Jump to content

Maximum Resistance for TC


nystyletaco
 Share

Recommended Posts

Is there a maximum resistance needed for the DNA to view a coil as being a valid material for TC?  I've been playing around with SS 316L and when I use a Triton coil (.4ohm) or a dual coil setup with 26ga (.36 ohm) it works great but I build a 1ohm single coil in a tank and its not registering with temp control, even with the profile setup with the proper TCR values.

Is there any way to "force" a profile to always use TC regardless of resistance?

Link to comment
Share on other sites

Not really what I was asking.  It seems like there is some sort of condition that triggers the DNA to realize that it can perform TC vs materials that it cannot (like Kanthal).  What I'm trying to figure out is what that condition is.  I rebuilt my coil again with 5 wraps of 26ga SS 316L.  Resistance of approx .6ohm but again it doesn't sense that it can perform temp control with this material despite having the TCR values for SS 316L added to this profile.

Edit: Now I'm even more confused.  I unscrewed my atomizer multiple times on my original profile and never got it to register TC.  I created a new profile, locked the ohms and uploaded the TCR values to that.  After switching to that profile, now it registers TC on both my new profile and the original profile I was trying before o.O

Link to comment
Share on other sites

nystyletaco said:

Not really what I was asking.  It seems like there is some sort of condition that triggers the DNA to realize that it can perform TC vs materials that it cannot (like Kanthal).  What I'm trying to figure out is what that condition is.  I rebuilt my coil again with 5 wraps of 26ga SS 316L.  Resistance of approx .6ohm but again it doesn't sense that it can perform temp control with this material despite having the TCR values for SS 316L added to this profile.

Edit: Now I'm even more confused.  I unscrewed my atomizer multiple times on my original profile and never got it to register TC.  I created a new profile, locked the ohms and uploaded the TCR values to that.  After switching to that profile, now it registers TC on both my new profile and the original profile I was trying before o.O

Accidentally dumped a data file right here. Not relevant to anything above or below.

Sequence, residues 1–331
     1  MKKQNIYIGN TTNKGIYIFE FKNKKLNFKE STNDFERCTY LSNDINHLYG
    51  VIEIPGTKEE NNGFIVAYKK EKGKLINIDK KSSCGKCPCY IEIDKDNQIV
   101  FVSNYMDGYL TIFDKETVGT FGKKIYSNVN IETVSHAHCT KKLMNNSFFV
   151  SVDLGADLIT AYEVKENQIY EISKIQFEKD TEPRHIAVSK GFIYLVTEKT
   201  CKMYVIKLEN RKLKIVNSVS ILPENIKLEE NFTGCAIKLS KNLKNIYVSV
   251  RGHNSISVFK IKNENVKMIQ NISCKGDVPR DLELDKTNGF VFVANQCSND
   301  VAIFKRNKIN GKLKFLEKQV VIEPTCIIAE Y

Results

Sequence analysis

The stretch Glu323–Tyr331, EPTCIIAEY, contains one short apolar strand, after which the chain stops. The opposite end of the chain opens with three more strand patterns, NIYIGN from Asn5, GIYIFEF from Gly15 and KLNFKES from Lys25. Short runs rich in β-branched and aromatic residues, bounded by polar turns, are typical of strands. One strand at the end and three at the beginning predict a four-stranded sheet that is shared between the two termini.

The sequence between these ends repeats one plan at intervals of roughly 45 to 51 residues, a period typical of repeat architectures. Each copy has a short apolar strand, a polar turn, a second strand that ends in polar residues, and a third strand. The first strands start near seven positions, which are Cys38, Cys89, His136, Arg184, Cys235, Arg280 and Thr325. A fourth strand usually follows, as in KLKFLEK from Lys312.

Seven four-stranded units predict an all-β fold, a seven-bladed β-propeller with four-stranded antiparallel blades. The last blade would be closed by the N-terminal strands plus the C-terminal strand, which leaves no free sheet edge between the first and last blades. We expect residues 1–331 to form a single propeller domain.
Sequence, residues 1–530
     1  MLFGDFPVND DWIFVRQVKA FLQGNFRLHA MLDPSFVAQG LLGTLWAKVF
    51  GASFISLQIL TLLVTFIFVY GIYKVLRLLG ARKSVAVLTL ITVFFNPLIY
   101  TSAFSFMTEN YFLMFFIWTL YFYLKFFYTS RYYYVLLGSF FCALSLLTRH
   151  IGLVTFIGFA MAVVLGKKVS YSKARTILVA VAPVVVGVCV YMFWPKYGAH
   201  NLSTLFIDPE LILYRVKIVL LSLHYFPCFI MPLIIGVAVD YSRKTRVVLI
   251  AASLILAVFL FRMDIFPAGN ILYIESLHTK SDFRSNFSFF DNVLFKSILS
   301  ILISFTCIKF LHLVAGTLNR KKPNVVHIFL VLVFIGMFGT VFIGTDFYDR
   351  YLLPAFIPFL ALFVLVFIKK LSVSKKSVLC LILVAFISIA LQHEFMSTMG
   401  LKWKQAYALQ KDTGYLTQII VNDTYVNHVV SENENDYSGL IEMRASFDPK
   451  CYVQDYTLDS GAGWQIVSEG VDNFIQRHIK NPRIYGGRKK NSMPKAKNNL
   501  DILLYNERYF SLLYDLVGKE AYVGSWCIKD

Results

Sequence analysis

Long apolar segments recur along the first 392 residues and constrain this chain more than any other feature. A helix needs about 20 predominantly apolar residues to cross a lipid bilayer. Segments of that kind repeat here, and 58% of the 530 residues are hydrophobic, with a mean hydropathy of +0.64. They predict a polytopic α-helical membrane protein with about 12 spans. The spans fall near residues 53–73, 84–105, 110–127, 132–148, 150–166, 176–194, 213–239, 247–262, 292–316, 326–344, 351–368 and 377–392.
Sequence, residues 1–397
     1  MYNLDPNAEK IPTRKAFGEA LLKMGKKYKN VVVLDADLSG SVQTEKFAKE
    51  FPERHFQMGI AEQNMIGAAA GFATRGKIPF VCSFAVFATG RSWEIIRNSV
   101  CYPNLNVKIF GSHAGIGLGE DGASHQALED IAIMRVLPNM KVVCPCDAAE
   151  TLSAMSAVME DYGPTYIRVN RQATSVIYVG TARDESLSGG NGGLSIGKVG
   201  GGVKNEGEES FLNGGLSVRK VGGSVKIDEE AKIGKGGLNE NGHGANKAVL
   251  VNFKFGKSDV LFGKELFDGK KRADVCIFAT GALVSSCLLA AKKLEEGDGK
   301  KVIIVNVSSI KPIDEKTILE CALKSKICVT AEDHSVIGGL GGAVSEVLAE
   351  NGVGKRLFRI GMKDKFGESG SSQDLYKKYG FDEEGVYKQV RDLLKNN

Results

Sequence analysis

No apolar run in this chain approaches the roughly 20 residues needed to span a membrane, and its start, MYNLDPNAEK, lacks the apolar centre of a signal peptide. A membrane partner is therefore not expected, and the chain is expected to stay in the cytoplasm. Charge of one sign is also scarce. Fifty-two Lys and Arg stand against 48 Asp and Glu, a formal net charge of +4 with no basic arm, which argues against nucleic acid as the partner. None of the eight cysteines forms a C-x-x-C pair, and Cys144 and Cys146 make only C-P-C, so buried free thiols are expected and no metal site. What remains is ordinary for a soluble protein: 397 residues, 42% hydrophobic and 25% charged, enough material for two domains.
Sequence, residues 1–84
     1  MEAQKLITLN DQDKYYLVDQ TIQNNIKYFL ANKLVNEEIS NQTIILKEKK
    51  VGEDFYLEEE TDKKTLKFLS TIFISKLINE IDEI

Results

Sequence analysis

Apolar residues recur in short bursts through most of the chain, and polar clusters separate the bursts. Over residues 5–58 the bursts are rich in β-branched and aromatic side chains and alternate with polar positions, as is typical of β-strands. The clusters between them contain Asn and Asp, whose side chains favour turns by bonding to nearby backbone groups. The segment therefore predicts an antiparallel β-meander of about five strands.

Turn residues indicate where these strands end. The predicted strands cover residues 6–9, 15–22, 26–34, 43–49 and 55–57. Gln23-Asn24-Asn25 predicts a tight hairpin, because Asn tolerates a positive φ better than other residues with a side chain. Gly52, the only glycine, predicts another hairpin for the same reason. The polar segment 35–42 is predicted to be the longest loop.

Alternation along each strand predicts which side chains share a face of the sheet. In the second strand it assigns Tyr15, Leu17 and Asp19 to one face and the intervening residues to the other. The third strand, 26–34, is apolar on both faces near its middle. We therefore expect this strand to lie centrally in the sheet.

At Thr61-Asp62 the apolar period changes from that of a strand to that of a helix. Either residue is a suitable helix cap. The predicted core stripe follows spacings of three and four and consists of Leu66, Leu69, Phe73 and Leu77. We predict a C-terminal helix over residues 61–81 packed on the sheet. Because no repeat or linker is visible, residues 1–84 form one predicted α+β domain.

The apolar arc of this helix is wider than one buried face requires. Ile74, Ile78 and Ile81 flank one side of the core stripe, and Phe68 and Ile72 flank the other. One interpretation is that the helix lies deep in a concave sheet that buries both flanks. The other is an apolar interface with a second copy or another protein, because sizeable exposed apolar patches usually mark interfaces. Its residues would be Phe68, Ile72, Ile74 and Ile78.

I think it uses the cold resistance times a calculated TCR for the temp from the TCR curve for the temp delta desired and then knows how much resistance "should" increase to reach set temp. When you fire it applies power and expects to see the resistance increase proportionally within those calculations. If it doesn't, it thinks you have a wire type with too low TCR so drops out of temp mode.

The higher the cold resistance, the more it is a factor in the calculation as indicated. Same with higher TCR. The opposite for lower values of each. Low cold resistance coupled with low TCR of the wire makes for less temperature dependent resistance increase when adding power to heat the coil. There must be limits -- you may have found what they are. Possibly the locking resistance thing was enough to have the measured cold resistance come up just high enough for it to work.

I would try a SS coil of higher cold resistance -- maybe get extreme and go for 0.2 Ohms cold (with the appropriate TCR curve entered in the profile) to see what it does. The higher cold resistance, despite the low TCR of SS, "should" be enough total temp dependent change in coil resistance for TC to work. I don't know what the limits are -- would take a lot of experimentation to find it exactly for any particular manufacturer's board, but there is a number representing cold resistance times TCR of the wire, below which TC won't work reliably so knows enough not to try. It will drop out of TC mode below that limit.
Link to comment
Share on other sites

+1 Mad Scientist.  It looks for a rise in resistance equivalent to 150F in the first second.  If it doesn't see it then it drops out of temp control.  If you set your wattage too low on a freshly connected temp coil (remember no preheat on the first fire after a disconnect) it may not see enough resistance rise and drop out of temp control.  Or if you place a hot coil on it may not see enough of a rise to continue to temp control.

Link to comment
Share on other sites

Create an account or sign in to comment

You need to be a member in order to leave a comment

Create an account

Sign up for a new account in our community. It's easy!

Register a new account

Sign in

Already have an account? Sign in here.

Sign In Now
 Share

×
×
  • Create New...